Your implementation works even for object types. – adarshr Mar 12 '11 at 15:45
@Jason: Thanks for the pointer. It has indeed been quite a while... – JoeSlav Mar 12 '11 at 15:46

Try the Arrays.deepToString method.

Returns a string representation of the "deep contents" of the specified array. If the array contains other arrays as elements, the string representation contains their contents and so on. This method is designed for converting multidimensional arrays to strings

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If you don't need a lot of control, I believe this is the simplest solution since you don't need a third party lib. Here is an example: System.out.println(Arrays.deepToString(args)); – neves Mar 1 at 21:55

Try the Arrays.toString overloaded methods.

Or else, try this below generic implementation:

public static void main(String... args) throws Exception {

    String[] array = {"ABC", "XYZ", "PQR"};

    System.out.println(new Test().join(array, ", "));

public <T> String join(T[] array, String cement) {
    StringBuilder builder = new StringBuilder();

    if(array == null || array.length == 0) {
        return null;

    for (T t : array) {

    builder.delete(builder.length() - cement.length(), builder.length());

    return builder.toString();
share|improve this answer
i tried but it comes along with , [ ] – Princeyesuraj Mar 12 '11 at 15:38
Then tell us the format you are looking for. Otherwise, we can't guess what you have in mind. – Jason S Mar 12 '11 at 15:42
@Princeyesuraj - see my update – adarshr Mar 12 '11 at 15:45

Following is an example of Array to String conversion.

    public class ArrayToString
public static void main(String[] args) { String[] strArray = new String[]{"Java", "PHP", ".NET", "PERL", "C", "COBOL"};

        String newString = Arrays.toString(strArray);

        newString = newString.substring(1, newString.length()-1);

        System.out.println("New New String: " + newString);

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You want code which produce string from arrayList,

Iterate through all elements in list and add it to your String result

you can do this in 2 ways: using String as result or StringBuffer/StringBuilder.


String result = "";
for (String s : list) {
    result += s;

...but this isn't good practice because of performance reason. Better is using StringBuffer (threads safe) or StringBuilder which are more appropriate to adding Strings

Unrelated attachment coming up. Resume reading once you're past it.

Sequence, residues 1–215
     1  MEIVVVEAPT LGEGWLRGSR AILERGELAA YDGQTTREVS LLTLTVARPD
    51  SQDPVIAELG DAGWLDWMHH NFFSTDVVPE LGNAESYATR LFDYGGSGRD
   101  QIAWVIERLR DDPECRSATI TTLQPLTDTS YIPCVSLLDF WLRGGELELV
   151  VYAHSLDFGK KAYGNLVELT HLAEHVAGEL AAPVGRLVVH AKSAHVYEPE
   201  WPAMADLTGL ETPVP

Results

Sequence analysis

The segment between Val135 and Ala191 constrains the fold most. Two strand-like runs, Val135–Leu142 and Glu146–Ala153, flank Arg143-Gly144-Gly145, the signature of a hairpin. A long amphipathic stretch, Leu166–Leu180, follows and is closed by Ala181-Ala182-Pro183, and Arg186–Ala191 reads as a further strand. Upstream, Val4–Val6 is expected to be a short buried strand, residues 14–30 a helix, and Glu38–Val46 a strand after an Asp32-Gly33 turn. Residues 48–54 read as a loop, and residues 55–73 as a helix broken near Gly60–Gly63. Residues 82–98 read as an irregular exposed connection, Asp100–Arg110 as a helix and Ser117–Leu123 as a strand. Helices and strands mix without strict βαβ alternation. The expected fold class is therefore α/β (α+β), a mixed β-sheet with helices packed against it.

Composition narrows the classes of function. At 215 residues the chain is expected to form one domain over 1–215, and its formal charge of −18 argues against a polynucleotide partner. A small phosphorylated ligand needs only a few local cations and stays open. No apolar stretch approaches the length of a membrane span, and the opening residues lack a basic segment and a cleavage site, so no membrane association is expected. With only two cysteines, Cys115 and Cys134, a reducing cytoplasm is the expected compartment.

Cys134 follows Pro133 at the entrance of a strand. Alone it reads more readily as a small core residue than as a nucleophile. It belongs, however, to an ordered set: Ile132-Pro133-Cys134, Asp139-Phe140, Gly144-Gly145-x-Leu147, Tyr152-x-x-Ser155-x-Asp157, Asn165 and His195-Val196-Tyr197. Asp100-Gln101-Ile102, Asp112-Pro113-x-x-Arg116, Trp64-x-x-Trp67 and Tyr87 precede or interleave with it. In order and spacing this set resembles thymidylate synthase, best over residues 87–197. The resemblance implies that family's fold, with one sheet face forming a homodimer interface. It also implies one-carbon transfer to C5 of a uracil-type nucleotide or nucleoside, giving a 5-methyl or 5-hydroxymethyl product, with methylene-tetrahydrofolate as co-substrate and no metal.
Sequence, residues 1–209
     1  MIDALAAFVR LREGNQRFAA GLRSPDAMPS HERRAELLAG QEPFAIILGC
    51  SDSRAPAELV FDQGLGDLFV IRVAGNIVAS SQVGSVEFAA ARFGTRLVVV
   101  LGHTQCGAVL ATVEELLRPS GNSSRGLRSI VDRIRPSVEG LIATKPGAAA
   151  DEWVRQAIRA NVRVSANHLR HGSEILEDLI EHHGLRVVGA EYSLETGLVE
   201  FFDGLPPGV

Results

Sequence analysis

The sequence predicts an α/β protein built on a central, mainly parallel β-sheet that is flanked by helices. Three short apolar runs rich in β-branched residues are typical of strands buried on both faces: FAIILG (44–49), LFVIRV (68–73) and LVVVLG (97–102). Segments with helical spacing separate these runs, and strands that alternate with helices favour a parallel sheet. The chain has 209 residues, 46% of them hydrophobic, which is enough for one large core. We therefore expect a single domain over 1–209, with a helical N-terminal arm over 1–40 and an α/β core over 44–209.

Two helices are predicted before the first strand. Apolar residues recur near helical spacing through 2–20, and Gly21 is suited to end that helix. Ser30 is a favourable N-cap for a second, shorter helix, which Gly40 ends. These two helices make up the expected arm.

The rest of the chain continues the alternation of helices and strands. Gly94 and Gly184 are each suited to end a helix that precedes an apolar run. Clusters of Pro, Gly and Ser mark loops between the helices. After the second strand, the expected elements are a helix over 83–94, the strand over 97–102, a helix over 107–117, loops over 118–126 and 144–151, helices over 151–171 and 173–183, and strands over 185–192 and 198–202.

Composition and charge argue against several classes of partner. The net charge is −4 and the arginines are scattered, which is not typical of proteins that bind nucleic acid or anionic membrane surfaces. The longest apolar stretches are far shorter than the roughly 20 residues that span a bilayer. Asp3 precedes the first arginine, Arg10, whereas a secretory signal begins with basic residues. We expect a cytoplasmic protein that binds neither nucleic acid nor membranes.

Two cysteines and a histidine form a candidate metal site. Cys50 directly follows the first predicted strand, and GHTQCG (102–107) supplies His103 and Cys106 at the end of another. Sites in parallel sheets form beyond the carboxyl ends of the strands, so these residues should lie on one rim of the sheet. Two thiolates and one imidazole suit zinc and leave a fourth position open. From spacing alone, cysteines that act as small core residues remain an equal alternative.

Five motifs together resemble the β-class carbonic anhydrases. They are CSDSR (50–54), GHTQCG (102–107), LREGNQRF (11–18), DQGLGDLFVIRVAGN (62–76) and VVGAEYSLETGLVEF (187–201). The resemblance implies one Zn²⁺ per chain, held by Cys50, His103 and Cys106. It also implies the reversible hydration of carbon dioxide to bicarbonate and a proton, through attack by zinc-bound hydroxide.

share|improve this answer
String[] strings = new String[25000];
for (int i = 0; i < 25000; i++) strings[i] = '1234567';

String result;
result = "";
for (String s : strings) result += s;
//linear +: 5s

result = "";
for (String s : strings) result = result.concat(s);
//linear .concat: 2.5s

result = String.join("", strings);
//Java 8 .join: 3ms

Public String join(String delimiter, String[] s)
    int ls = s.length;
    switch (ls)
        case 0: return "";
        case 1: return s[0];
        case 2: return s[0].concat(delimiter).concat(s[1]);
            int l1 = ls / 2;
            String[] s1 = Arrays.copyOfRange(s, 0, l1); 
            String[] s2 = Arrays.copyOfRange(s, l1, ls); 
            return join(delimiter, s1).concat(delimiter).concat(join(delimiter, s2));
result = join("", strings);
// Divide&Conquer join: 7ms

If you don't have the choise but to use Java 6 or 7 then you should use Divide&Conquer join.

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IMO the simplest way is:

    String[] array = { "cat", "mouse" };
    String result = String.join("", array);

This way you can choose an arbitrary delimiter.

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plz be specific ! – developer Mar 26 at 19:10
Added from Java 1.8 – Vishnu Prasad Kallummel May 20 at 10:36

If you know how much elements the array has, a simple way is doing this:

String appendedString = "" + array[0] + "" + array[1] + "" + array[2] + "" + array[3]; 
share|improve this answer
That's hardly applicable in real world and shows some bad programming practices. – Jk1 Jul 4 '13 at 20:51